Replace the washer with a new one which has at least the same depth or more, you can also get replacement tap bodies but unless they have a gland instead of a rubber O ring to seal the stem/shaft/spindle then the problem will occur again in due course.

    Taps with glands are fully serviceable and will last 50+ years, the cheaper O ring tap bodies give far more trouble and need far more attention. Under no circumstances squirt penetration oil anywhere near a water source where there is the chance of ingestion.
    Norn Iron Club member No 353
    • barnaclebill
    • By barnaclebill 13th Jun 17, 1:32 PM
    • 233 Posts
    • 125 Thanks
    barnaclebill
    There are a few good videos on youtube about tap repairs and removing tap internals
    • chezybezy
    • By chezybezy 17th Jun 17, 4:13 PM
    • 92 Posts
    • 17 Thanks
    chezybezy
    thankyou very much for all your replies.
    I thought i would wait until my day off to fix, however i'm a little unsure which of the valves i should turn off upstairs. This is not something i figured i would need to ask for help with

    i know i also have tank in the loft, unsure if this is used as they had to do something special when they fit the shower.

    First Valve - front ish
    Second Valve - back wall
    Back of tank this is where the previous pipe ('back wall') goes - i believe
    Top of the 'back wall' pipe

    would anyone be kind enough to point me in the right direction?

    Just to confirm, there's only two "big" valves, attempting to show pipe directions etc in pics
    Last edited by chezybezy; 17-06-2017 at 4:47 PM. Reason: .
    - Chez
    • Le_Kirk
    • By Le_Kirk 17th Jun 17, 4:39 PM
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    Le_Kirk
    It won't be the 4th photograph. It will likely be one that feeds water from the cold water tank in the loft into the bottom of the hot water cylinder - as hot water is fed out of the top. Just turn each off in turn and then try the bathroom tap until you find the right one. My guess is second valve back wall as it looks like it comes from the loft area.
    • chezybezy
    • By chezybezy 17th Jun 17, 4:46 PM
    • 92 Posts
    • 17 Thanks
    chezybezy
    Thank you very much, I'll start with the one on the "back wall", test, then try the one to the left. I just didn't wanna start turning things that might cause a problem. Oh and just to confirm it's turn clockwise?
    - Chez
    • Geoff1963
    • By Geoff1963 17th Jun 17, 6:50 PM
    • 1,058 Posts
    • 668 Thanks
    Geoff1963
    It needs a new washer.

    The plunger with the washer on the end, has a hexagonal shank, and slides in a hexagonal tube. When the washer gets worn, it pokes out so far, that it disengages from the tube, and then rotates a little, so won't slide back up. I think it is a design feature, to prompt a repair, because a dripping tap wastes water, and a slow flow will freeze in any external drain pipes.
    • Le_Kirk
    • By Le_Kirk 18th Jun 17, 10:42 AM
    • 2,074 Posts
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    Le_Kirk
    Thank you very much, I'll start with the one on the "back wall", test, then try the one to the left. I just didn't wanna start turning things that might cause a problem. Oh and just to confirm it's turn clockwise?
    Originally posted by chezybezy
    Yes, it's "Clockwise to Close." Be prepared for it to be stiff to turn. Sometimes it may help to try it anti-clockwise first if it hasn't been turned off for a while, as this dislodges any lime scale build up. Also, when opening after you have successfully changed the washer, always open it fully and give it half a turn closed.
    • chezybezy
    • By chezybezy 24th Jun 17, 2:32 PM
    • 92 Posts
    • 17 Thanks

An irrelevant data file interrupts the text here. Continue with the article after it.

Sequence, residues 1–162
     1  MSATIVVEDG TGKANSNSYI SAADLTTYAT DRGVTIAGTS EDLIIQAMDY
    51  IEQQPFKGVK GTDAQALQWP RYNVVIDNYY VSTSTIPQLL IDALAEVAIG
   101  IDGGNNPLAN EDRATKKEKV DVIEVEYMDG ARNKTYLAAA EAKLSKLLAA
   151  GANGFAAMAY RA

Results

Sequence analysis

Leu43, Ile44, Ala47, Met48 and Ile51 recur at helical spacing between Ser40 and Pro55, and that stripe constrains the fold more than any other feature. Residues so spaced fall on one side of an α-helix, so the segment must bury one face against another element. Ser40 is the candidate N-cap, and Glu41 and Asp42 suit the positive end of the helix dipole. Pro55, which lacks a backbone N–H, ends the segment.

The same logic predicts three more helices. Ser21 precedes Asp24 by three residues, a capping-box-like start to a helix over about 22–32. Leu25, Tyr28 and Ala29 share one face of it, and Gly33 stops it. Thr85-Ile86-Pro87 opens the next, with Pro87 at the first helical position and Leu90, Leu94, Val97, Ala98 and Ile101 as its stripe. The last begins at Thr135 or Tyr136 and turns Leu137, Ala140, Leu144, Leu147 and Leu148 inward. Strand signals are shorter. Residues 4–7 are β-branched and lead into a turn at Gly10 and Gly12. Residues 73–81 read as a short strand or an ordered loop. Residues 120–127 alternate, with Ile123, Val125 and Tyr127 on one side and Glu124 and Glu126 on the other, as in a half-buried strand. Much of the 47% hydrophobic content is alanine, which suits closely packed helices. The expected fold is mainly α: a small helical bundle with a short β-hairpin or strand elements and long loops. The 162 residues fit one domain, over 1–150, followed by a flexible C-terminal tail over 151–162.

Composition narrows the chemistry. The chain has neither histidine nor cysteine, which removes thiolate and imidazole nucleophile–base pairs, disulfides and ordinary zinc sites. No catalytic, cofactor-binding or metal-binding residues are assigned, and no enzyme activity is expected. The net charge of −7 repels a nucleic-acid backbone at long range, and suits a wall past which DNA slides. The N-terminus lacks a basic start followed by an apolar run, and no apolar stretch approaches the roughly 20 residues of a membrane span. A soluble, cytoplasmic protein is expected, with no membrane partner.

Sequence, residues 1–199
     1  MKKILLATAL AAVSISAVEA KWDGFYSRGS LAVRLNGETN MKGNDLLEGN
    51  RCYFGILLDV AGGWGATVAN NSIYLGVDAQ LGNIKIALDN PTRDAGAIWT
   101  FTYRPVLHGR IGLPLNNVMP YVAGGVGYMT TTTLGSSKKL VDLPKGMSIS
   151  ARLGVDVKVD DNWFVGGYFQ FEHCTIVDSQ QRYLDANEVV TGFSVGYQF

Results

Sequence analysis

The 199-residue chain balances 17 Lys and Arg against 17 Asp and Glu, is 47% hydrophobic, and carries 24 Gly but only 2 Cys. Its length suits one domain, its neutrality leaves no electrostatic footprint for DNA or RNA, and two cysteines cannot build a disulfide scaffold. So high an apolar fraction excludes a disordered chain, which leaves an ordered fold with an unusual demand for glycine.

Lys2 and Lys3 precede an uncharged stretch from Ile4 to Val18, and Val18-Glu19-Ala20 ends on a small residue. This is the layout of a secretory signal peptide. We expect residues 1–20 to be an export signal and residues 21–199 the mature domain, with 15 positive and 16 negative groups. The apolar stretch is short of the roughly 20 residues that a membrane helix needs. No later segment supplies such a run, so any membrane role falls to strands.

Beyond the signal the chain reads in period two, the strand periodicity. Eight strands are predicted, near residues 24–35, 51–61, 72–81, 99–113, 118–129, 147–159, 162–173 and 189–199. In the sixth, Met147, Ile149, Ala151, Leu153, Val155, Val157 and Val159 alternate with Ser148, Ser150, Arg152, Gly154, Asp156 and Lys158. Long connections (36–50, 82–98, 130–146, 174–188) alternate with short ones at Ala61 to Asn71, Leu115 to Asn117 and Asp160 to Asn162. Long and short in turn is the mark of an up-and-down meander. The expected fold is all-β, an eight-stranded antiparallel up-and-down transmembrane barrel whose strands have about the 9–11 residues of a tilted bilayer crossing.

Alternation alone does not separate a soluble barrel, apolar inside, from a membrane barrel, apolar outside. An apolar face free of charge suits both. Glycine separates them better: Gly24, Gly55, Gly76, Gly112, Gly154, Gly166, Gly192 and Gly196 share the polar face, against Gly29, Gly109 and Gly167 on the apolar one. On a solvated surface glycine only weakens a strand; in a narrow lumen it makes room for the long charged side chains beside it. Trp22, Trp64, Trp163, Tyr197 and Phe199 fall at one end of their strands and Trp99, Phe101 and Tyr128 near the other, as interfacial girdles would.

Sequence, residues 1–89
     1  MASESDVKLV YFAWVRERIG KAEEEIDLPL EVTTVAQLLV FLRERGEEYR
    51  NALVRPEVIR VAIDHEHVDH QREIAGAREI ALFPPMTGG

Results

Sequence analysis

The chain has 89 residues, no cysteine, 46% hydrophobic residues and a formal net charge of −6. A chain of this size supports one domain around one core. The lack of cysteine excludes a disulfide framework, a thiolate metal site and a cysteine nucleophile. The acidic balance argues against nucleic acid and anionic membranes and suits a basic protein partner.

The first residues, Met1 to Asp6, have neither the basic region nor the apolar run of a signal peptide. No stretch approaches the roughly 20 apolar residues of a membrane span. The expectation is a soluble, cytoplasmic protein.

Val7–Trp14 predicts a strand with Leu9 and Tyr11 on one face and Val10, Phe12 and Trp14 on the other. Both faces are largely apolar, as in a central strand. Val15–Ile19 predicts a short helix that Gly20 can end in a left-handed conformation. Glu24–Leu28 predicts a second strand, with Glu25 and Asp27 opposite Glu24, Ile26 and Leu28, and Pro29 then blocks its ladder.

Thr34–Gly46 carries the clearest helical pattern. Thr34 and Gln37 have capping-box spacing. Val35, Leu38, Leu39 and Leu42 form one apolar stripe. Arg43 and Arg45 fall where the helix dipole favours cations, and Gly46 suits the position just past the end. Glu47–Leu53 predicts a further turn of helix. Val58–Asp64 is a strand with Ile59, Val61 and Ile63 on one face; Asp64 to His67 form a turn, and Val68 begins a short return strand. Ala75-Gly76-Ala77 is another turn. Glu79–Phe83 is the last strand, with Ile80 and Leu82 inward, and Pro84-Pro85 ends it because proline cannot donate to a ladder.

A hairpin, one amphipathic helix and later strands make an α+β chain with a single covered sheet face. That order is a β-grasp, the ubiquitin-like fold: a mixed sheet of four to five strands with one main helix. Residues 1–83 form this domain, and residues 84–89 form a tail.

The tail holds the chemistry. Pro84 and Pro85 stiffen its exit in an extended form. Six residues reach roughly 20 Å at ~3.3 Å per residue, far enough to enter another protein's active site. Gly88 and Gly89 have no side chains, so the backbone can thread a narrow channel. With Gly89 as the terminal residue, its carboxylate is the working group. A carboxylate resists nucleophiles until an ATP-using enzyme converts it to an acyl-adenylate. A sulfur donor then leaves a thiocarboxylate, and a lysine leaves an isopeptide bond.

chezybezy
    Yes, it's "Clockwise to Close." Be prepared for it to be stiff to turn. Sometimes it may help to try it anti-clockwise first if it hasn't been turned off for a while, as this dislodges any lime scale build up. Also, when opening after you have successfully changed the washer, always open it fully and give it half a turn closed.
    Originally posted by Le_Kirk
    Having a bit of trouble figuring out how to remove the "top" of the tap, I thought the top would pry off but I can't seem to. Maybe I'm wrong or not using enough pressure, can anyone advise?

    Also turned off hot water valve in airing cupboard, but still getting a very minor dribble, tried returning on the bath hot tap to see if it just needed draining. Can I still precede even with this?
    - Chez
    • Le_Kirk
    • By Le_Kirk 24th Jun 17, 4:04 PM
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    Le_Kirk
    If you have slowed the flow to a dribble, you have at least proved that it is the correct valve. It is common for gate valves not to close all the way (after years of use), maybe you can open a hot tap downstairs to relieve the pressure a bit. Depending upon the type of tap you have, there will be various ways for the tap top to be fixed. Normally there is a prise out cap (usually colour coded blue/red) and under this is a screw. Undo the screw and he tap top will prise off its splines. Look at this link for some ideas of the different type of handle. Hopefully you won't need a puller but you can see the principle.
    • chezybezy
    • By chezybezy 24th Jun 17, 4:15 PM
    • 92 Posts
    • 17 Thanks
    chezybezy
    If you have slowed the flow to a dribble, you have at least proved that it is the correct valve. It is common for gate valves not to close all the way (after years of use), maybe you can open a hot tap downstairs to relieve the pressure a bit. Depending upon the type of tap you have, there will be various ways for the tap top to be fixed. Normally there is a prise out cap (usually colour coded blue/red) and under this is a screw. Undo the screw and he tap top will prise off its splines. Look at this link for some ideas of the different type of handle. Hopefully you won't need a puller but you can see the principle.
    Originally posted by Le_Kirk
    thanks, oddly i turned off the tap but left everything turned off in the airing cupboard, then turned on the tap and got a large spurt of water. After a few seconds it returned to the dribble a few seconds later. Does this sound ok?
    Also I did fiddle a little with the other stop valve, but i think its back in the right location.
    Has a scary moment when i turned on the water (as needed to) i couldn't turn the hot water turn off valve - my guess is that it was an air pocket? but it has opened again, after i tested a hot tap to ensure i wasn't being a numpty.

    i can't find anything showing how to remove the top off the same style of taps (see first pics) . I feel useless at failing (again) such a simple hurdle! Does anyone have any experience with my style of taps?

    Sorry guys!
    - Chez
    • Le_Kirk
    • By Le_Kirk 24th Jun 17, 4:56 PM
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    Le_Kirk
    It would be nice if all taps had the same (or even similar) way of fixing. Possibly it all turns. More research and I will revert.